Much has already been written about Nemes’ visual strategy – mostly about his use of the 4:3 frame that hovers no more than shoulder-width from Saul’s own point of view, often throwing most of the image out of focus, apart from those things that are the centre of Saul’s attention. It has been argued that this softens and aestheticises the horrors of Auschwitz, but this feels to me like a first principles objection that doesn’t apply to Nemes’ practical execution, which deploys the too well-worn iconography of the death camps in ways both familiar and surprising, often drawing to considerable shock effect on less highbrow forms of prior art (one is almost more likely to think Wolfenstein than Shoah) , but also allows us to experience Saul’s banally quotidian racist humiliation at the hands of racist SS offers at a painful lack of remove. Mention should also be made of the state-of-the-art sound design (both visually and aurally, Nemes owes a lot to his erstwhile mentor Bela Tarr) that places snatches of conversation and background noises in a 360 degree field around Saul, increasing the already almost unbearable disorientation and tension.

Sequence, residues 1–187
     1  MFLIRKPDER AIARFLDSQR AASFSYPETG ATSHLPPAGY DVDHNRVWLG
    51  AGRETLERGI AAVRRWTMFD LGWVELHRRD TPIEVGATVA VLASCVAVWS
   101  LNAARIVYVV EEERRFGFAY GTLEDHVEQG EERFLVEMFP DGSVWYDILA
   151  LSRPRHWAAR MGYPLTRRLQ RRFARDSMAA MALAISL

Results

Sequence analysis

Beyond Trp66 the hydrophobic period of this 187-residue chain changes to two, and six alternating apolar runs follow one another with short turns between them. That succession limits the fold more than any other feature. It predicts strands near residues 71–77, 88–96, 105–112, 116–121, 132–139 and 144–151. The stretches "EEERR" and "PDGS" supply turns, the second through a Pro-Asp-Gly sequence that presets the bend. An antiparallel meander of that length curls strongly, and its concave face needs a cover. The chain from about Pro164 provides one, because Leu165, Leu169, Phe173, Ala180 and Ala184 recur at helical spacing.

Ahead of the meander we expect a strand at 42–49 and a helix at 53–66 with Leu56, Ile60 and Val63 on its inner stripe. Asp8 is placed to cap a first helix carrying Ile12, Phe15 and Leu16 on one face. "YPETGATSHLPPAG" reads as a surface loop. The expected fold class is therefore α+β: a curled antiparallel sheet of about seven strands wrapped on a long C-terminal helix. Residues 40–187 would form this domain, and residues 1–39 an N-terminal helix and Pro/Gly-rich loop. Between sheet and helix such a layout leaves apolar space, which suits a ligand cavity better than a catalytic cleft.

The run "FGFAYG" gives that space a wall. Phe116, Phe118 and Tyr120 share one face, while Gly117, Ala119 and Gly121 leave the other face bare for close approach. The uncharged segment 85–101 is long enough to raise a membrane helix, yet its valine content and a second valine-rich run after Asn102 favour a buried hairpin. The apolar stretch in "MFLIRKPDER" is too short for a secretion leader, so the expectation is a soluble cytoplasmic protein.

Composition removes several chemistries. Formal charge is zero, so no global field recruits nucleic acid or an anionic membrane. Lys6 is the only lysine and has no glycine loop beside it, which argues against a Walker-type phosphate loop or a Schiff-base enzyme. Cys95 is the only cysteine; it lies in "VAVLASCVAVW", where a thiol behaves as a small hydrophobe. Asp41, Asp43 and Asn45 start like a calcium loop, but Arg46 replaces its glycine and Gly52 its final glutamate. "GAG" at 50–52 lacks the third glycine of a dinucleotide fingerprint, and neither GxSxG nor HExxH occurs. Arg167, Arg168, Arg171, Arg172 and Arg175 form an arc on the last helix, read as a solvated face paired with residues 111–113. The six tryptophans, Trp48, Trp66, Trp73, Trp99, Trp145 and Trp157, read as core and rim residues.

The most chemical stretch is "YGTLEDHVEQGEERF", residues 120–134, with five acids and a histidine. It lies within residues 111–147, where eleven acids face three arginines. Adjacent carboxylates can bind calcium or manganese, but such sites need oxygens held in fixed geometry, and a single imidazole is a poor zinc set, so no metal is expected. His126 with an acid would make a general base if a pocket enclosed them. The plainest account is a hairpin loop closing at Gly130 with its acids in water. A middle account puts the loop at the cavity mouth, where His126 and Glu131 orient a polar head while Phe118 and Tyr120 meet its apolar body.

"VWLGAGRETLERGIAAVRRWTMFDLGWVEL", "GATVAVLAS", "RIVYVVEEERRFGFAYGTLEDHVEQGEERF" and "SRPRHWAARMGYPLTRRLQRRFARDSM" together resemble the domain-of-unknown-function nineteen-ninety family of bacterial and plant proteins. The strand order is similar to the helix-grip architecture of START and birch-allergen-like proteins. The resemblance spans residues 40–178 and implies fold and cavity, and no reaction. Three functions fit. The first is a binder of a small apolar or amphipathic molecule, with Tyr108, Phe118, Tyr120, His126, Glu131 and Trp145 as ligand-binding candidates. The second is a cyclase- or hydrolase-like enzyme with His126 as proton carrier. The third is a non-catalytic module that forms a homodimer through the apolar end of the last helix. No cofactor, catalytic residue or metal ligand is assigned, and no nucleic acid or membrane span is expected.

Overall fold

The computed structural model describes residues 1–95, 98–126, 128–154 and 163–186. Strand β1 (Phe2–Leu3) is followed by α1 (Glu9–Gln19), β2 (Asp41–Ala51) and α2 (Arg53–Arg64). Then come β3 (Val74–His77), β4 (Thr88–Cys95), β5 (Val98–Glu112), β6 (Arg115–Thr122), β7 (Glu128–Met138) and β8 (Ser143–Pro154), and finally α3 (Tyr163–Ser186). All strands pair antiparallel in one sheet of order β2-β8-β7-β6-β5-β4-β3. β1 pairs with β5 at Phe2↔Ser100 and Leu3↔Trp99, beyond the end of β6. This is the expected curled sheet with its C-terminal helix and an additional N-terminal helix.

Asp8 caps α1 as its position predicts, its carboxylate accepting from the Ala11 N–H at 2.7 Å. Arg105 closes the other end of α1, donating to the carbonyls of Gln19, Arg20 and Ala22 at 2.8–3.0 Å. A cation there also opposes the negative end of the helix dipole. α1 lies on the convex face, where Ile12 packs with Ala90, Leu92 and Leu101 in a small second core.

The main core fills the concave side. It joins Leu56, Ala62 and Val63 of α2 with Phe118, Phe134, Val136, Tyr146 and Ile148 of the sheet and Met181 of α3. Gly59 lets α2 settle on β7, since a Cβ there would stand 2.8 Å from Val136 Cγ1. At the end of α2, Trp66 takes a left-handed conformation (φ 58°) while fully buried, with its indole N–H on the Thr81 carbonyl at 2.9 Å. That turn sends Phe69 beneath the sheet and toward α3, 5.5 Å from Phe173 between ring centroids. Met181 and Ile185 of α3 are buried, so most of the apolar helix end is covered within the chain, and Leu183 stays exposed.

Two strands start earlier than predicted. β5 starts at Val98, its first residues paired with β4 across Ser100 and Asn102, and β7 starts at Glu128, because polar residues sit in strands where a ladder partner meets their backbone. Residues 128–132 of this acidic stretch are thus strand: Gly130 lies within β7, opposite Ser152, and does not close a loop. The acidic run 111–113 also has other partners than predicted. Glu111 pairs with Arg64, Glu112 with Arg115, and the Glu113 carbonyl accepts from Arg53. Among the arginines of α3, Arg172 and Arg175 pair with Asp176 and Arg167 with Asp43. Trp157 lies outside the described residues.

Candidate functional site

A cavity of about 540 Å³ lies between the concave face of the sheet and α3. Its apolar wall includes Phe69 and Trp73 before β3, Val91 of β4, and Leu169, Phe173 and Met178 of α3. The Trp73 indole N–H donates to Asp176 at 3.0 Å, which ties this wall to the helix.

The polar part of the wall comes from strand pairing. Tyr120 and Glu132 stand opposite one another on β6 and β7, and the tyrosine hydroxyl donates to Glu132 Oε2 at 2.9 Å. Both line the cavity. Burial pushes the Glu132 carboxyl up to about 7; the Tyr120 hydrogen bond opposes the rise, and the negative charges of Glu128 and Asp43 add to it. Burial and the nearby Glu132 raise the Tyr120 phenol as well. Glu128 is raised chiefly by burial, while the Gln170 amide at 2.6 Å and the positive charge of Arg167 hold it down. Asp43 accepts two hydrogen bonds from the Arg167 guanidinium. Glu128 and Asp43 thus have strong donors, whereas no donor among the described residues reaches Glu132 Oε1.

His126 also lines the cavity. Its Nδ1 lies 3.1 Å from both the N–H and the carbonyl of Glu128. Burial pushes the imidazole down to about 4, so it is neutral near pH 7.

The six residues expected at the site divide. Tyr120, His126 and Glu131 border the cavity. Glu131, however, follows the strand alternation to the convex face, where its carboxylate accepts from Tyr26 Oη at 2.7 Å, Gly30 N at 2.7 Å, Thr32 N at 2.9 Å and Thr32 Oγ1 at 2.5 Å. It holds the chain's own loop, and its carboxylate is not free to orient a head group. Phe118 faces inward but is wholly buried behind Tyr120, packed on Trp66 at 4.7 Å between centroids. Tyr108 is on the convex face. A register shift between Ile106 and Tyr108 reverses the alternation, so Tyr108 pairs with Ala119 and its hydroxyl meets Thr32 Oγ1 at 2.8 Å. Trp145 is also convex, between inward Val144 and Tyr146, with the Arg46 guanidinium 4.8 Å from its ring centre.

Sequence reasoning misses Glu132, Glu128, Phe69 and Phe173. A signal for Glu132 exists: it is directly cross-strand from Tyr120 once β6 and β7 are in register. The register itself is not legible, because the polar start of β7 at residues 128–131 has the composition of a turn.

Is Saul’s quest a dereliction of his duty to the living, disguised as honour to the dead, as one fellow Sonderkommando member tells him angrily, or is it a more rational response to the hopelessness of Auschwitz than the planned uprising? Nemes refuses to put his thumb on the scales, and locks his film’s perspective so closely to Saul’s, while so vividly evoking the horrors of the film’s specific place and time that this question becomes both unanswerable and unavoidable. – Indy Datta
James White (d. scr. Josh Mond)